Australia's February Judo Bank PMI returns to growth, comes in at 51.8 versus the previous 49.0


Australia's Judo Bank Composite Purchasing Manager Index (PMI) returned to growth figures above 50.0 for the first time since last October, and saw its highest print since May of last year.

The Judo Bank Services PMI fueled the rebound, climbing from 49.1 to a nine-month high of 52.8.

Despite the improvement, Australia's Manufacturing PMI fell back into contraction, printing at 47.7 versus the previous 50.1. The Australian Manufacturing PMI component has only printed above the 50.0 level once in the last 12 consecutive prints.

As noted by Judo Bank, growth in Australia's private sector was driven entirely by the services sector in the first half of the first quarter of 2024, and business sector sentiment remained positive, albeit at a three-month low.

Judo Bank:

... overall sentiment in the Australian private sector remained positive in February, though the level of business confidence eased on the back of lingering concerns over the impact of high interest rates and inflation on sales.

Market reaction

The AUD/USD remains stuck near 0.6550 with the pair bolstered by the 200-hour Simple Moving Average (SMA) near 0.6520, but bullish momentum remains pinned below the week's near-term high around 0.6580.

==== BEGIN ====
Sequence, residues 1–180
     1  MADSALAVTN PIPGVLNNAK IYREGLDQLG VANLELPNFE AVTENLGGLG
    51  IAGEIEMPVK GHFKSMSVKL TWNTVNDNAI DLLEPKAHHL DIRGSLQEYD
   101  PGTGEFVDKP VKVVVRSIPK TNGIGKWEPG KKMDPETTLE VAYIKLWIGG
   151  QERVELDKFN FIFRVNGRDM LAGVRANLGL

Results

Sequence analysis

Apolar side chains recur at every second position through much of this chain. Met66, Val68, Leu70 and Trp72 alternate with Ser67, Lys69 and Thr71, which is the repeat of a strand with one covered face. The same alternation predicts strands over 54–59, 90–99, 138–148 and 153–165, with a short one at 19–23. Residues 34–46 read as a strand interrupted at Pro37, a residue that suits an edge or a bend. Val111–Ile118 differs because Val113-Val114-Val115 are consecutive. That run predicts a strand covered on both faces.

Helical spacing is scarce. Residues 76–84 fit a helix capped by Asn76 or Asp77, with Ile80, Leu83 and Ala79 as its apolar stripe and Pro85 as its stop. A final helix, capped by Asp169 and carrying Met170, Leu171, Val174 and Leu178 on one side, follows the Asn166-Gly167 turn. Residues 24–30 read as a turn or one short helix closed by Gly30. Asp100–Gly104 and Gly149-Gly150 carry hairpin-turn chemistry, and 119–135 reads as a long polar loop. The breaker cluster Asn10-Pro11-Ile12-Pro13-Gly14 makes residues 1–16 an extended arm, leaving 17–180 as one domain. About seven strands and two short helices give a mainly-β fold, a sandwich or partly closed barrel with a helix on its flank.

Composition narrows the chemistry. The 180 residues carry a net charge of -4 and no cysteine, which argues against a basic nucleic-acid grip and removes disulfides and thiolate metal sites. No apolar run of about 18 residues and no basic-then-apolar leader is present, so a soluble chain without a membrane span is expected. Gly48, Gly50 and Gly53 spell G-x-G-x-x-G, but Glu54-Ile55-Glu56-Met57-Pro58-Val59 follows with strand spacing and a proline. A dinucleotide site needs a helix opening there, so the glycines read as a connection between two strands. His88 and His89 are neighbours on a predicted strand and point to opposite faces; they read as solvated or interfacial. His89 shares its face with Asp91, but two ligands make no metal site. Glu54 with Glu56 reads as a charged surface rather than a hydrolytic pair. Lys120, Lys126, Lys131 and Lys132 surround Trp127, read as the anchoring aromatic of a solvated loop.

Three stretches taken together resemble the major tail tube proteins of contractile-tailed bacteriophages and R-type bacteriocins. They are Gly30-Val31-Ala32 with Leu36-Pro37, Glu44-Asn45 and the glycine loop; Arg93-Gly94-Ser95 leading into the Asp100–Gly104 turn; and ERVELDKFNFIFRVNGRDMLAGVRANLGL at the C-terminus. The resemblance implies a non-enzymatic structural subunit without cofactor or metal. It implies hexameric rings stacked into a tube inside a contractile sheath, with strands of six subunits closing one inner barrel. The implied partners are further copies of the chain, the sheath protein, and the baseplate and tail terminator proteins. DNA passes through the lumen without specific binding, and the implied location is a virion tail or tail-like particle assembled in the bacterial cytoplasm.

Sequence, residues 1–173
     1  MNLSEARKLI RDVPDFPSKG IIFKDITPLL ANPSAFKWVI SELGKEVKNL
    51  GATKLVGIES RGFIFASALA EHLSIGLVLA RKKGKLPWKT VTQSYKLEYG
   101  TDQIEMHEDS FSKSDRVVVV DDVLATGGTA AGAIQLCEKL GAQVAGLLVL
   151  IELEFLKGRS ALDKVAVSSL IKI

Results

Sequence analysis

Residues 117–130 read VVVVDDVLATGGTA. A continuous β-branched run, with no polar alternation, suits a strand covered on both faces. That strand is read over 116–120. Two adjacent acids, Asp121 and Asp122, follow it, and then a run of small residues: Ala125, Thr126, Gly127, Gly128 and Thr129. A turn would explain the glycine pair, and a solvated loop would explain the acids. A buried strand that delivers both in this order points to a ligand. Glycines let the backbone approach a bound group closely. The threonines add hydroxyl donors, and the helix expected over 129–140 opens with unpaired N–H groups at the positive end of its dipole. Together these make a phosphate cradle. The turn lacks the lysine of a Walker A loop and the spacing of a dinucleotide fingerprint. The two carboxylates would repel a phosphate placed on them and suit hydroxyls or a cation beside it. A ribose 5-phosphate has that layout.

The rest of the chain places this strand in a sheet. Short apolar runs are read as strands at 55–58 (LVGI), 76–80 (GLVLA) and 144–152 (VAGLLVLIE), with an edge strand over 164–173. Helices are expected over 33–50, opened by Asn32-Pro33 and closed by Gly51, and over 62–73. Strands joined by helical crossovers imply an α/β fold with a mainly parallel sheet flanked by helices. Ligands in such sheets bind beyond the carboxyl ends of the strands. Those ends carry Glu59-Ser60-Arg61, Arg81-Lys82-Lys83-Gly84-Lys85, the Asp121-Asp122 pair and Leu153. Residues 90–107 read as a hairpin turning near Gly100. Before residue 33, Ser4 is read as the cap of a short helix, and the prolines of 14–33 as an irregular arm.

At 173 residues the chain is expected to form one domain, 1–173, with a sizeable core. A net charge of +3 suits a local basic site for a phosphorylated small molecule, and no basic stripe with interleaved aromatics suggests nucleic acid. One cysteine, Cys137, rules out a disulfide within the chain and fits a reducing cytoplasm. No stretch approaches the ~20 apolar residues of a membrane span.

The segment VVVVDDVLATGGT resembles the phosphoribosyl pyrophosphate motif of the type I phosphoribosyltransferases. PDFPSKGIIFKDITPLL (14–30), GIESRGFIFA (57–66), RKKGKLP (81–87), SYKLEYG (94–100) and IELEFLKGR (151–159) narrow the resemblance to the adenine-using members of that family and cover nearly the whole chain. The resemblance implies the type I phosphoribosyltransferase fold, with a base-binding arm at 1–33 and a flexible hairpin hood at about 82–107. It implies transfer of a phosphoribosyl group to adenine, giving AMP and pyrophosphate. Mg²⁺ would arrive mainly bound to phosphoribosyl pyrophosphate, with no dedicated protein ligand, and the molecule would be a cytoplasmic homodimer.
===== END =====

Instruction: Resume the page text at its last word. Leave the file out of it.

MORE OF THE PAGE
About Australia's Judo Bank Composite PMI

The Composite Purchasing Managers Index (PMI), released on a monthly basis by Judo Bank and S&P Global, is a leading indicator gauging private-business activity in Australia for both the manufacturing and services sectors. The data is derived from surveys to senior executives. Each response is weighted according to the size of the company and its contribution to total manufacturing or services output accounted for by the sub-sector to which that company belongs. Survey responses reflect the change, if any, in the current month compared to the previous month and can anticipate changing trends in official data series such as Gross Domestic Product (GDP), industrial production, employment and inflation. The index varies between 0 and 100, with levels of 50.0 signaling no change over the previous month. A reading above 50 indicates that the Australian private economy is generally expanding, a bullish sign for the Australian Dollar (AUD). Meanwhile, a reading below 50 signals that activity is generally declining, which is seen as bearish for AUD.

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